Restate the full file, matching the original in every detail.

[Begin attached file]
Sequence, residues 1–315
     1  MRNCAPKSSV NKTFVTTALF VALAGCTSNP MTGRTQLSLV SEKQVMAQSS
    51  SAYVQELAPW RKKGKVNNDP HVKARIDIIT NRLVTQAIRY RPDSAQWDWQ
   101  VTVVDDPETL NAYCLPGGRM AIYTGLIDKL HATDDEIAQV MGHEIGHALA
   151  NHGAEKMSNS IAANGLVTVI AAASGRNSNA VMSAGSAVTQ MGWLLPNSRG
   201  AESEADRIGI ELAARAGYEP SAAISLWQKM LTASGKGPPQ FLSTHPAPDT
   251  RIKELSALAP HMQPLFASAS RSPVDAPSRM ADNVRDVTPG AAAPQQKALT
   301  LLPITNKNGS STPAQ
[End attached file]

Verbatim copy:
Sequence, residues 1–315
     1  MRNCAPKSSV NKTFVTTALF VALAGCTSNP MTGRTQLSLV SEKQVMAQSS
    51  SAYVQELAPW RKKGKVNNDP HVKARIDIIT NRLVTQAIRY RPDSAQWDWQ
   101  VTVVDDPETL NAYCLPGGRM AIYTGLIDKL HATDDEIAQV MGHEIGHALA
   151  NHGAEKMSNS IAANGLVTVI AAASGRNSNA VMSAGSAVTQ MGWLLPNSRG
   201  AESEADRIGI ELAARAGYEP SAAISLWQKM LTASGKGPPQ FLSTHPAPDT
   251  RIKELSALAP HMQPLFASAS RSPVDAPSRM ADNVRDVTPG AAAPQQKALT
   301  LLPITNKNGS STPAQ